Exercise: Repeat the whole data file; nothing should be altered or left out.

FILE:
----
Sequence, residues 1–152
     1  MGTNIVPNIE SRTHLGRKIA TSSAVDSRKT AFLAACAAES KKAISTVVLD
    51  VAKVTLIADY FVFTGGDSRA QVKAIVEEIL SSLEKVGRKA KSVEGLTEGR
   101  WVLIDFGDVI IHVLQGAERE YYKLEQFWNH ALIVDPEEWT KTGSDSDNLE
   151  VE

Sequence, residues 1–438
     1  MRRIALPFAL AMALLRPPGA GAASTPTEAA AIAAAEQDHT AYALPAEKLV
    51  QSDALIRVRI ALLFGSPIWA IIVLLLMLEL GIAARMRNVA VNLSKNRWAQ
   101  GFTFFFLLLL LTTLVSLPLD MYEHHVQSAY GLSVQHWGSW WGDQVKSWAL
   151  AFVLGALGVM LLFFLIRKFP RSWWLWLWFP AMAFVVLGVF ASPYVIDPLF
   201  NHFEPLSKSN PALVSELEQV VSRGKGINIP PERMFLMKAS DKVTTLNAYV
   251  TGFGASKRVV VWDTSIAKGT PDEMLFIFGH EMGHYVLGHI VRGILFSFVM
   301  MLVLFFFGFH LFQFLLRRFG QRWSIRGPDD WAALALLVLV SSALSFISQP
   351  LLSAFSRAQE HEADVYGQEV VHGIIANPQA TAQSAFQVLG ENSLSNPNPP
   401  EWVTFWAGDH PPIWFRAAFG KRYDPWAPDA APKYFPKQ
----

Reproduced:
Sequence, residues 1–152
     1  MGTNIVPNIE SRTHLGRKIA TSSAVDSRKT AFLAACAAES KKAISTVVLD
    51  VAKVTLIADY FVFTGGDSRA QVKAIVEEIL SSLEKVGRKA KSVEGLTEGR
   101  WVLIDFGDVI IHVLQGAERE YYKLEQFWNH ALIVDPEEWT KTGSDSDNLE
   151  VE

Sequence, residues 1–438
     1  MRRIALPFAL AMALLRPPGA GAASTPTEAA AIAAAEQDHT AYALPAEKLV
    51  QSDALIRVRI ALLFGSPIWA IIVLLLMLEL GIAARMRNVA VNLSKNRWAQ
   101  GFTFFFLLLL LTTLVSLPLD MYEHHVQSAY GLSVQHWGSW WGDQVKSWAL
   151  AFVLGALGVM LLFFLIRKFP RSWWLWLWFP AMAFVVLGVF ASPYVIDPLF
   201  NHFEPLSKSN PALVSELEQV VSRGKGINIP PERMFLMKAS DKVTTLNAYV
   251  TGFGASKRVV VWDTSIAKGT PDEMLFIFGH EMGHYVLGHI VRGILFSFVM
   301  MLVLFFFGFH LFQFLLRRFG QRWSIRGPDD WAALALLVLV SSALSFISQP
   351  LLSAFSRAQE HEADVYGQEV VHGIIANPQA TAQSAFQVLG ENSLSNPNPP
   401  EWVTFWAGDH PPIWFRAAFG KRYDPWAPDA APKYFPKQ